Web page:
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# How to square up walls?

#1
09-10-04, 10:58 PM
slofgren
Visiting Guest
Posts: n/a
How to square up walls?

We have just demolished our 1940's kitchen to make way for new cabs, countertop, etc. After removing the particularly bad plaster and lath from one wall, we discovered studs that are out-of-plumb, out-of-square with an adjacent wall, warped, unevenly spaced, etc.

Now, in order to get ready for sheetrock, an 'L'-shaped set of cabs, and an 'L'-shaped countertop, I've got to square up, plumb, and even out the studs. I plan on using 1x2's and shims to build out the studs, but I'm not sure where to start when squaring up. Is there a correct way to do this, or do I just have to play around with each one until I get it right?

#2
09-11-04, 10:23 AM
Member
Join Date: Aug 2004
Posts: 117
I would start at each end of the wall and nail a straight 2x3 or 2x4 stud along side the end studs perfectly plumb and then string lines at the bottom and top of the new plumb studs from end to end with a 3/4" spacer and then take all straight studs and nail them along side all the old out of plumb studs using a 3/4" spacer and moving each stud until the spacer hits the lines at the top and bottom and then nail them in.

Once you get them nailed in you can put a line in the middle and then proceed to do the same thing with the 3/4" spacer and nail the middle. I've found that to be the best way to straighten out these old walls other then building a new wall in front of the old but you loose alot of space that way. Shimming is okay but takes alot of time and is not a accurate as nailing studs along side the old ones.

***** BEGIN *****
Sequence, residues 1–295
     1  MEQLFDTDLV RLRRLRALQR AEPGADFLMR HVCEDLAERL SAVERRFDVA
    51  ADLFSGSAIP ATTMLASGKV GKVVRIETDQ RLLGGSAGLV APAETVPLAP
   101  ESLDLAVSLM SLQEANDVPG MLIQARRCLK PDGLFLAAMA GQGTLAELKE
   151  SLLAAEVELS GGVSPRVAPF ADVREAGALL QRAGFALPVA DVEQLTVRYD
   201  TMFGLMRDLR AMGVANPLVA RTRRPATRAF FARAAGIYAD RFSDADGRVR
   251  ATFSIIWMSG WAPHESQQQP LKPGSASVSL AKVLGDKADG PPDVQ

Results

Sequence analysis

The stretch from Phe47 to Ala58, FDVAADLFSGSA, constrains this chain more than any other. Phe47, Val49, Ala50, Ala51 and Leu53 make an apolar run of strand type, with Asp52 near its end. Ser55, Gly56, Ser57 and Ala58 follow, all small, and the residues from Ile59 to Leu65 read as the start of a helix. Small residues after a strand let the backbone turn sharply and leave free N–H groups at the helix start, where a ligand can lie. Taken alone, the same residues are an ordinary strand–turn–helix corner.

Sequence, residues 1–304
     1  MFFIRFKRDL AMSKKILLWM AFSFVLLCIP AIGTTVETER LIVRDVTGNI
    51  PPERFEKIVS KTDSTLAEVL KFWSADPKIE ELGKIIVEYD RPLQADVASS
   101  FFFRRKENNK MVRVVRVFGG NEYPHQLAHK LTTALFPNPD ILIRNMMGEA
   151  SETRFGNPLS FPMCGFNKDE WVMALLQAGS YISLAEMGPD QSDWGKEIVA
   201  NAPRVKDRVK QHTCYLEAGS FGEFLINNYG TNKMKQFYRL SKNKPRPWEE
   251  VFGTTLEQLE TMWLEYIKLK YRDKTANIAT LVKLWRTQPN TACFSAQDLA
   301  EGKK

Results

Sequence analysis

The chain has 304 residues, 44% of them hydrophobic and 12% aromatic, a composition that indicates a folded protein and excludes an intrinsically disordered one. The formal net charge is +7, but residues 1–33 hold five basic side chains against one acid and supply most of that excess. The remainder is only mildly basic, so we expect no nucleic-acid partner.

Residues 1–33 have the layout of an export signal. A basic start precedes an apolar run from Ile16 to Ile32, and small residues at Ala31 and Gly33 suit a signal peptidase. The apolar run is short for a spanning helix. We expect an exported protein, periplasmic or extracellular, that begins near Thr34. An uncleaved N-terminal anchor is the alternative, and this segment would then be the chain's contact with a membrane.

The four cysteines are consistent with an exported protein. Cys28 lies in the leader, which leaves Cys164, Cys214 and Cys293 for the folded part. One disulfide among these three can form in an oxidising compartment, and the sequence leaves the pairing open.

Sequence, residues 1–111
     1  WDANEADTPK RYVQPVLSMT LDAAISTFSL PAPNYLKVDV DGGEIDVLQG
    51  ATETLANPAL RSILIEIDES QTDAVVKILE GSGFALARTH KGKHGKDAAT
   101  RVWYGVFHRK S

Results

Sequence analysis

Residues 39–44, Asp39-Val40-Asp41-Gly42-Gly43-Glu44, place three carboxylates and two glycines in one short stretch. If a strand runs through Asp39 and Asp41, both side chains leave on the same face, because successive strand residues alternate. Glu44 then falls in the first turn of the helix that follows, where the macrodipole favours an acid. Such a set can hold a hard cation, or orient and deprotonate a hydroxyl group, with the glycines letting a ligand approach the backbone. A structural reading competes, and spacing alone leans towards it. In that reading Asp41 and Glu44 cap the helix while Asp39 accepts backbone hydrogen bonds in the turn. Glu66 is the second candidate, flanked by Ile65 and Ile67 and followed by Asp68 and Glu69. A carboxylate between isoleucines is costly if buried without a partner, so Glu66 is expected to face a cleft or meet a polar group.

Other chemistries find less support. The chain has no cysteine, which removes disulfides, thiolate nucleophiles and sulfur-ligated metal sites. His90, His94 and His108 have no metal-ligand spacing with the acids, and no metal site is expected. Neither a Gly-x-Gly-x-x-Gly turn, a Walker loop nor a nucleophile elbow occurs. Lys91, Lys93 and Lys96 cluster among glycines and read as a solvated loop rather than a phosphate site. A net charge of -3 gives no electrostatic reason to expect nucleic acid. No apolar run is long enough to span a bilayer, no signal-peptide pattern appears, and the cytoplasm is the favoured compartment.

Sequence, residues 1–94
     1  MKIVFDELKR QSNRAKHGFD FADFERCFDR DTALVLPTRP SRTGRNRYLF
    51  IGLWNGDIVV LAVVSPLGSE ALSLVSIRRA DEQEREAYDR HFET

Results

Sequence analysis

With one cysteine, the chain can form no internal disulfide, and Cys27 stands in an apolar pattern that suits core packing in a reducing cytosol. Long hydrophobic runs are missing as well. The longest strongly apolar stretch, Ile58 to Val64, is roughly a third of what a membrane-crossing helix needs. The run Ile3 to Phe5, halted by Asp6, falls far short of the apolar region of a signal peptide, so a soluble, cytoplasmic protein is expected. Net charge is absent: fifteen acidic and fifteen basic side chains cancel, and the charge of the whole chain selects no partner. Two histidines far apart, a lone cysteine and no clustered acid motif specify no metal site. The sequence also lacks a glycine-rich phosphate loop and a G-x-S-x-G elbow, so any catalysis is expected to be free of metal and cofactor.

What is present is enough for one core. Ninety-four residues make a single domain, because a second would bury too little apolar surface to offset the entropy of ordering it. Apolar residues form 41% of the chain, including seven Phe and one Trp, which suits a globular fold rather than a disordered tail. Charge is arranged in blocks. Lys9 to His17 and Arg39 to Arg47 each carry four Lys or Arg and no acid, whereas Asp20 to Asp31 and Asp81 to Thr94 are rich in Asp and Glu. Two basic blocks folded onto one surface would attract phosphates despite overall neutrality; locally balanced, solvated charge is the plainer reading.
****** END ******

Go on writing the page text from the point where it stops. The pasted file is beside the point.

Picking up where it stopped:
Now do the same on the other wall making sure this wall is square off the new straight wall using whatever method 3-4-5 Or 6-8-10 or using a Construction Masdter Calculator to square the wall.

Sometimes once you've finished this method there's a bowed stud that sticks out fiurther then the rest, instead of furring out to that stud and loosing more space you can just trim it back with a circular saw or planer whatever way your more comfortable with.

There's always some wires or pipes that you will have to notch around but this method is faster and is a better job then using 3/4 furring strips with shims. This way you have solid 2x3 or 2x4 to screw your cabinets into to.

Hope this helps.

Joe Carola